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Discussion GuideWomen Talking: (Movie Tie-in)

By Miriam Toews

“This amazing, sad, shocking, but touching novel, based on a real-life event, could be right out of The Handmaid’s Tale.”  —Margaret Atwood, on Twitter

 

“Scorching . . . a wry, freewheeling novel of ideas that touches on the nature of evil, questions of free will, collective responsibility, cultural determinism, and, above all, forgiveness.” —New York Times Book Review, Editors’ Choice

 

NAMED ONE OF THE MOST ANTICIPATED BOOKS OF 2019 by Entertainment Weekly * Vulture * BuzzFeed * The Boston Globe * The A.V. Club * Nylon * Medium * The Millions * Huffington Post * The Rumpus * Lit Hub * Publishers Weekly * The Week * AM New York

 

“Miriam Toews is wickedly funny and fearlessly honest . . . She is an artist of escape; she always finds a way for her characters, trapped by circumstance, to liberate themselves.” —The New Yorker

 

“A feminist manifesto that delicately unwraps the horror, but also bubbles with the love and wry humor that has endeared Toews to her readers . . . Toews’ celebrated novels are haunted by her upbringing, but she has never written with such heartbreak, or taken such sure aim at fundamentalism and its hypocrisies, as she does in her new book, Women Talking . . . Did I mention the book is funny? Wickedly so, with Toews’s brand of seditious wit.” —The New York Times

 

“Astonishing . . . Toews, who has written often about her own Mennonite history, has told a riveting story that is both intensely specific and painfully resonant in the wider world. Women Talking is essential, elemental.” —USA Today

 

“Lean, bristling . . . a remarkably layered and gripping story. . . The book's confined setting and its tight timeframe combine to superb dramatic effect.” —Wall Street Journal

 

“Astonishing . . . a work of deep moral intelligence, a master class in ethics beautifully dressed as a novel. . . . The intelligence on display in Women Talking is as ferocious as it is warm.” —NPR.org

 

“[A] sharp blade of a novel . . . Toews’ knowing wit and grasp of dire subjects align her with Margaret Atwood, while her novel's slicing concision and nearly Socratic dialogue has the impact of a courtroom drama or a Greek tragedy. . . . ‘Women talking’ has always been potentially revolutionary. Women are now speaking out about sexual assault and the code of shamed silence in its wake to an unprecedented degree, yet such agonized disclosures continue to be dismissed as the products of 'female imagination,' a contemporary variation on ‘hysteria.’ Toews’s clarifying novel will help further dismantle the toxic habits of sexism.” —Booklist, starred review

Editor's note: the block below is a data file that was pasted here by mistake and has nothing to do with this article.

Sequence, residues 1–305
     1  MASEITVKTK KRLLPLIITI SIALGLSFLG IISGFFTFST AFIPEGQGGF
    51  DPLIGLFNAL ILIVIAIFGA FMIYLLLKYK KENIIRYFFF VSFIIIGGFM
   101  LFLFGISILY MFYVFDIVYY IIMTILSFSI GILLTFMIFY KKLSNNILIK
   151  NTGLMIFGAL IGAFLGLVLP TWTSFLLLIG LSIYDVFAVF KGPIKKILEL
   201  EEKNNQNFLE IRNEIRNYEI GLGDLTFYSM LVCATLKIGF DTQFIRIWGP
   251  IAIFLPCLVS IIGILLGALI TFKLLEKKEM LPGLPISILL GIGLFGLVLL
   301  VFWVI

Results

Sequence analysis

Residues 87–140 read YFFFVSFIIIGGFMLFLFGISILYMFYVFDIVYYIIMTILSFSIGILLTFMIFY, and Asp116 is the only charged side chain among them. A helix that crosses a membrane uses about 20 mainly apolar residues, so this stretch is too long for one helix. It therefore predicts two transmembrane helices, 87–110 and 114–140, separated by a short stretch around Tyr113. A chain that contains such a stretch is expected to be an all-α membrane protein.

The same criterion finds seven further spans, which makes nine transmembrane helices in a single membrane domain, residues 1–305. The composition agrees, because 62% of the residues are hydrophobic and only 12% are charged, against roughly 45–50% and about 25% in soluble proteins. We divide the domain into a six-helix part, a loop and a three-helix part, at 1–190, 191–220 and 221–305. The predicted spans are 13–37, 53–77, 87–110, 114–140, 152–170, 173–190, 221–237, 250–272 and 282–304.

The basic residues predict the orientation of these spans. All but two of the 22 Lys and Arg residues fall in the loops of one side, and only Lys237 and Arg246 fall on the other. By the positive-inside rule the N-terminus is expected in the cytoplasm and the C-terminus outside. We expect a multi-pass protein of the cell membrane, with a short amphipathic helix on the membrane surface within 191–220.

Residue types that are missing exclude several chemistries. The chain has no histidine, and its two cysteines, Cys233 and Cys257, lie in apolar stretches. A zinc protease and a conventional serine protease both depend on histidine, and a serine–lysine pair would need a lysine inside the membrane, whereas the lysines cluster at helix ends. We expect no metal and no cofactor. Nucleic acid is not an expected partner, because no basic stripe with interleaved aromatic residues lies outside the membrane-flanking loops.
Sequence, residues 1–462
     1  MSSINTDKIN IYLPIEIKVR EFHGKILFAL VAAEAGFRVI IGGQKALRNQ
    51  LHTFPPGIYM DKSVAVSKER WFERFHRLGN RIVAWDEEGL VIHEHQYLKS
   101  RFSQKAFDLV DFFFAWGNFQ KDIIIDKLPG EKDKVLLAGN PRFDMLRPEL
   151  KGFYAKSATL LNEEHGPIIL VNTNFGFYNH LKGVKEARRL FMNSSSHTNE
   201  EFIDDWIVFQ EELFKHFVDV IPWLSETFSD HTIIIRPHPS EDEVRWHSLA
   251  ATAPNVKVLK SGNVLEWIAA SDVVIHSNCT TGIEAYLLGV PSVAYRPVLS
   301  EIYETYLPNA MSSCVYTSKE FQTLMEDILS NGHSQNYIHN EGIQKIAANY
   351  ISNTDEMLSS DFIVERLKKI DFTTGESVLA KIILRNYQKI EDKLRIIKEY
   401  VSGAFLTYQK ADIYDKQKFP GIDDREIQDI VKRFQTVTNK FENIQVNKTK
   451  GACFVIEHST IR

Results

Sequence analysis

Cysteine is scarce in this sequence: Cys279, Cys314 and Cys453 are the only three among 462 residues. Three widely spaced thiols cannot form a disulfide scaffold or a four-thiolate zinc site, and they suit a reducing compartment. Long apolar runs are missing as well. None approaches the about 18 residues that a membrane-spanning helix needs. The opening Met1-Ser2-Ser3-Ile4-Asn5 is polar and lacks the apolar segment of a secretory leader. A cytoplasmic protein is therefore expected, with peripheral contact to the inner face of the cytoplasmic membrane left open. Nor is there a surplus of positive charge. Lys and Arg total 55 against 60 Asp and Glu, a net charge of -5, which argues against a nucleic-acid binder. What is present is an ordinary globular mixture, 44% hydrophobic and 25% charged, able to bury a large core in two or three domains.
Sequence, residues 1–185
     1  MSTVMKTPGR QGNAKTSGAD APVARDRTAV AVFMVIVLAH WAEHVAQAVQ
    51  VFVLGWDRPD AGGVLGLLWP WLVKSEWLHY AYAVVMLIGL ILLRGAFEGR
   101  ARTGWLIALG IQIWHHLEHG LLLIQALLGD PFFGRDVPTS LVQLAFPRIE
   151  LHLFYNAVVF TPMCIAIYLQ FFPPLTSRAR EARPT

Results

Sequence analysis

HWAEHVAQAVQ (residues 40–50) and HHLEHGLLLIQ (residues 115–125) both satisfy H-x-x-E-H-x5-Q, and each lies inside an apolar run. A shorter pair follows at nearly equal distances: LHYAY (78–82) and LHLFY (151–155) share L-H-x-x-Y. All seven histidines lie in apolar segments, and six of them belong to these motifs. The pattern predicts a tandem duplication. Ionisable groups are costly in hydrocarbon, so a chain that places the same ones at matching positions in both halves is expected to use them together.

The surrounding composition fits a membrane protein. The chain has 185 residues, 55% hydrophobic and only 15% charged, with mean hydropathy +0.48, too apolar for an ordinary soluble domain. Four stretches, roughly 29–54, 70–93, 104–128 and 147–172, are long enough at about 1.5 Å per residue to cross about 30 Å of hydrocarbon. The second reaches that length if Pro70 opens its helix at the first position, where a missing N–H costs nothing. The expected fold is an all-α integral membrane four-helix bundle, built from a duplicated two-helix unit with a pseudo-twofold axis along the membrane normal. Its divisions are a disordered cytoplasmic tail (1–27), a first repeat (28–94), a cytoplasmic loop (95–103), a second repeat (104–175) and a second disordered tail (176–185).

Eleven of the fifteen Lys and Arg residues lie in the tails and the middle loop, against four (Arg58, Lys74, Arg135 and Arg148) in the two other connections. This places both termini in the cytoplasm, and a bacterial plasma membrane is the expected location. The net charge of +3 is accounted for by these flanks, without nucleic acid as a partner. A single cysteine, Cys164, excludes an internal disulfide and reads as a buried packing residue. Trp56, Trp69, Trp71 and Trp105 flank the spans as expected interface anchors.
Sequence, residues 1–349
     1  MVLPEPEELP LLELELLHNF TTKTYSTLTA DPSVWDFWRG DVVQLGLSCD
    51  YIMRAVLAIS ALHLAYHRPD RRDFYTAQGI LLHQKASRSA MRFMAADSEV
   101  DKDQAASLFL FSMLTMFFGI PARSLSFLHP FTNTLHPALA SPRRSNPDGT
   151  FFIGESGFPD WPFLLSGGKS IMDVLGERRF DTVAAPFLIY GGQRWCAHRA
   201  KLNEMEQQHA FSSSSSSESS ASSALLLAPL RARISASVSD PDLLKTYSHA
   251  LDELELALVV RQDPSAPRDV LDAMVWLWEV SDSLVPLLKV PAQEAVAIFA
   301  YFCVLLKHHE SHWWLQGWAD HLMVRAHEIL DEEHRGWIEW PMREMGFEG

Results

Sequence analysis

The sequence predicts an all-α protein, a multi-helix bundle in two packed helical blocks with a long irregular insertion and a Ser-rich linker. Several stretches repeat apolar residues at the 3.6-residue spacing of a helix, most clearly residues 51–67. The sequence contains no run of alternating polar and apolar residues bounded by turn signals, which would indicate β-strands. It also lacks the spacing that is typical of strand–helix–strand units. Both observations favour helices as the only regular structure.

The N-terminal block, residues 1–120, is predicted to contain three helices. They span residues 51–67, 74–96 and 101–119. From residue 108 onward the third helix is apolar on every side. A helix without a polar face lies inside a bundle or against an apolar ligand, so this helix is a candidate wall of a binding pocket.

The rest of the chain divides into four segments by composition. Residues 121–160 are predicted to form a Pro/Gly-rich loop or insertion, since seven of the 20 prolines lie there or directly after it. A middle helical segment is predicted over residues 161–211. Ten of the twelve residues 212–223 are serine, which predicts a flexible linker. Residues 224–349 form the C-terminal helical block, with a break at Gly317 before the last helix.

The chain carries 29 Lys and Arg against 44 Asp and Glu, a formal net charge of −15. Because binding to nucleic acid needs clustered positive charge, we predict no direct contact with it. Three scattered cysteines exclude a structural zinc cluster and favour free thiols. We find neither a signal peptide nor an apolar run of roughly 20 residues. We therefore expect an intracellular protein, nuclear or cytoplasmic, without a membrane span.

“Miriam Toews’s Women Talking is a flawless, ferocious work of art. This is the kind of novel that changes you. Get ready.” —Laura van den Berg, author of The Third Hotel

 

“An exquisite critique of patriarchal culture . . . riveting and revelatory . . . Stunningly original and altogether arresting.” —Kirkus Reviews, starred review

 

“Terrifying and profound.” —R.O. Kwon, author of The Incendiaries

 

“Powerful . . . Through Epp, Toews has found a way to add lightness and humor to the deeply upsetting and terrifying narrative while weaving in Epp’s own distressing backstory . . . through him readers are able to see how carefully and intentionally the women think through their life-changing decision-critically discussing their roles in society, their love for their families and religion, and their hopes and desires for the future. This is an inspiring and unforgettable novel.” —Publishers Weekly, starred review

 

Women Talking is an astonishment, a volcano of a novel with slowly and furiously mounting pressures of anguish and love and rage. The always-wondrous Miriam Toews has written a book as close to a Greek tragedy as a contemporary Western novelist can come.” —Lauren Groff, author of Fates and Furies and Florida

 

“This chilling novel, leavened with notes of humor, is based on actual attacks on women in a remote Mennonite colony in Bolivia.” —Shelf Awareness, starred review

 

“Terrifying, joyful, gruesome, and magnetic. What a reckoning-and what a gift.” —Leni Zumas, author of Red Clocks

 

“This is fiction as deliberation, and yet it feels packed with drama. It also feels infused with a deeply sympathetic understanding of the way women talk. . . . [Toews] draws us into the lives of obscure people and makes their survival feel as crucial and precarious as our own.” —Ron Charles, The Washington Post


Women Talking crackles with the energy of consciousness on every page. Its attention is tender and funny, its characters utterly distinct and alive.” —Leslie Jamison, Bookforum